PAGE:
Nearly 20 years after Murphy Brown signed off for the last time, the Emmy-winning series is staging a comeback. Following in the footsteps of Roseanne, The X-Files, and the many other beloved series of the past that have gotten recent reboots, CBS just announced that it has ordered 13 new episodes of the hit 1990s series to run either this year or next. While details beyond that are minimal, we do know that Candice Bergen will return to the title role (how could it work without her?).
Even if you can rattle off Murphy's plethora of secretaries by heart, you're sure to discover something new about the FYI gang with these 12 facts about the series that started it all.
1. HEATHER LOCKLEAR WAS CONSIDERED FOR THE TITLE ROLE.
When series creator Diane English first pitched the show to the network, they were intrigued. But they wanted the title character to be younger—Heather Locklear, in fact—and returning from a week at the spa instead of a month at the Betty Ford Center. “Diane English ... went in and slapped the head of the network around and said she would prefer to go with someone more mature, so I got it,” Bergen said on Today. “But I had to really fight for it.” Even after her audition, the network president wasn’t convinced, telling English he didn’t think Bergen could do it. He later took her out to dinner to apologize.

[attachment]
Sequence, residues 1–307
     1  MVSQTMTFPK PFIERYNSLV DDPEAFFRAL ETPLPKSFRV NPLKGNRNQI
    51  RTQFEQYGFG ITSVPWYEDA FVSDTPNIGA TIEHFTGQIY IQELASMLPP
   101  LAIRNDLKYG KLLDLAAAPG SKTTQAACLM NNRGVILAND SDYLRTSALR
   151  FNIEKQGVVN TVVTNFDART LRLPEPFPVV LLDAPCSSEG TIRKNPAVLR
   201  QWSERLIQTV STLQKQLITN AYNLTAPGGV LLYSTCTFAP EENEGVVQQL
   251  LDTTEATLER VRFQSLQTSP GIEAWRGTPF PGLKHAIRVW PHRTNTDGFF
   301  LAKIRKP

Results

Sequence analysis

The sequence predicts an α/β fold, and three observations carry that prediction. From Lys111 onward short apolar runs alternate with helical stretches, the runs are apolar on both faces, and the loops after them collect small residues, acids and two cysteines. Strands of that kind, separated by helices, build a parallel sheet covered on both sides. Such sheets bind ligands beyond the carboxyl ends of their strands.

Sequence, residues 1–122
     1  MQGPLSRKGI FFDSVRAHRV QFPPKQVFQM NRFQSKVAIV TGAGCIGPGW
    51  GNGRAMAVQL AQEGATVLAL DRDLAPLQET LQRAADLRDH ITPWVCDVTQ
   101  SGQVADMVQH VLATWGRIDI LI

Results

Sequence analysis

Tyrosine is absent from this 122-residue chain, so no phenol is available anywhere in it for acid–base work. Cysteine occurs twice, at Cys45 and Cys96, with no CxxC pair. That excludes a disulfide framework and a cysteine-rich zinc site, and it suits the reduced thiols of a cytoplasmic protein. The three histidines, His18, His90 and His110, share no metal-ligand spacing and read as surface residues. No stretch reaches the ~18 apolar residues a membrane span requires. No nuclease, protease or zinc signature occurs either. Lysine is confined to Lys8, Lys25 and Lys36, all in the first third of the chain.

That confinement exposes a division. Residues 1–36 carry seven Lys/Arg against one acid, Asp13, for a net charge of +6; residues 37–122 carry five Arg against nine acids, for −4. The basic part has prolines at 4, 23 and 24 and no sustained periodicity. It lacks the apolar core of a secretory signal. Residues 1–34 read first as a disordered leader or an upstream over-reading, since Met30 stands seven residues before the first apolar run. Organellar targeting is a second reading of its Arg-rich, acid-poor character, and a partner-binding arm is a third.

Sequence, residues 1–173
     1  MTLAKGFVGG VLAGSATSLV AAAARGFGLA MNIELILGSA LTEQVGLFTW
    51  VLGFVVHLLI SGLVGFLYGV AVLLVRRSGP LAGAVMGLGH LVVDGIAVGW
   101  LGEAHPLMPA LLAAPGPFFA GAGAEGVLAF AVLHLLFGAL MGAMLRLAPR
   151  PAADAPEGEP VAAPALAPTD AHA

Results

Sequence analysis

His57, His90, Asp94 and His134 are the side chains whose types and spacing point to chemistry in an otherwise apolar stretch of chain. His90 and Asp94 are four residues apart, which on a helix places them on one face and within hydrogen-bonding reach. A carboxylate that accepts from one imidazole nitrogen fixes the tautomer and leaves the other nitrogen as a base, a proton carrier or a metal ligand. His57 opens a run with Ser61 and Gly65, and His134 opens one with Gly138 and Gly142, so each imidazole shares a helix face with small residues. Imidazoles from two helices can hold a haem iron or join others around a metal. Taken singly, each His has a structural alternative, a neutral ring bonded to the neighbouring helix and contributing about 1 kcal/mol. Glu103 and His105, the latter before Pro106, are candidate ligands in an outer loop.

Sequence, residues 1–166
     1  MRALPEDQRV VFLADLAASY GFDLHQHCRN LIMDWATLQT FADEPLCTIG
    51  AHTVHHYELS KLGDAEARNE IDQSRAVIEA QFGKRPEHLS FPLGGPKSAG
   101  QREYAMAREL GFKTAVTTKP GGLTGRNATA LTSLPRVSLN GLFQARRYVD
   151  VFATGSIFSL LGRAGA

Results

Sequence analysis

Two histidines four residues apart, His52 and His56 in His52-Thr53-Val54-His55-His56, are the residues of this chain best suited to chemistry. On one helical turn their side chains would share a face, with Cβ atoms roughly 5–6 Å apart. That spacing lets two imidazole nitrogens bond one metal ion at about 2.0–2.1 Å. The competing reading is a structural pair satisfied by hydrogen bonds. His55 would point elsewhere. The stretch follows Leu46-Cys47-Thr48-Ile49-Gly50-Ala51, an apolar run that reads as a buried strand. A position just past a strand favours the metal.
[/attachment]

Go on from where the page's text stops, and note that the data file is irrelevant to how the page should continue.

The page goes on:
2. DAN QUAYLE SENT MURPHY’S BABY A STUFFED ELEPHANT.
Murphy became a single mother during season four, something then-Vice President Dan Quayle infamously took umbrage with. After making a speech in which he said Brown was “mocking the importance of fathers by bearing a child alone and calling it just another lifestyle choice,” Quayle was roundly mocked. He later sent “Baby Brown” a stuffed elephant, “in the spirit of lightheartedness and joining in the fun.”
3. CANDICE BERGEN LATER SAID SHE AGREED WITH DAN QUAYLE—SORT OF.
Although much was made of the Murphy Brown/Dan Quayle feud, the woman at the center of it wasn’t as bothered as everyone else was. “His speech was a perfectly intelligent speech about fathers not being dispensable and nobody agreed with that more than I did,” Bergen said.
But on June 19, 1998, Bergen responded to an op-ed written by Quayle's former speechwriter, Lisa Schiffren, who had suggested that she thought Quayle was a visionary the whole time.
"[Schiffren] quotes me as saying that family values 'was the right theme to hammer home,' that I 'agreed with all of it except his references to the show,' and that 'the body of the speech was completely sound.' Since that quote serves as the crux of her argument, let me print what she left out: 'it was an arrogant and uninformed posture, but the body of the speech was completely sound.'"
4. HALEY JOEL OSMENT PLAYED AVERY, MURPHY’S SON.
Murphy’s son had grown up by the final season of the show and needed to be played by a young actor who could hold his own in scenes with Bergen. Enter Haley Joel Osment, who, at the age of nine, had already been a series regular on two sitcoms: Thunder Alley and The Jeff Foxworthy Show. Bergen described him as “strikingly professional and prepared.”
5. AFTER HER FIFTH EMMY, CANDICE BERGEN DECLINED ADDITIONAL NOMINATIONS.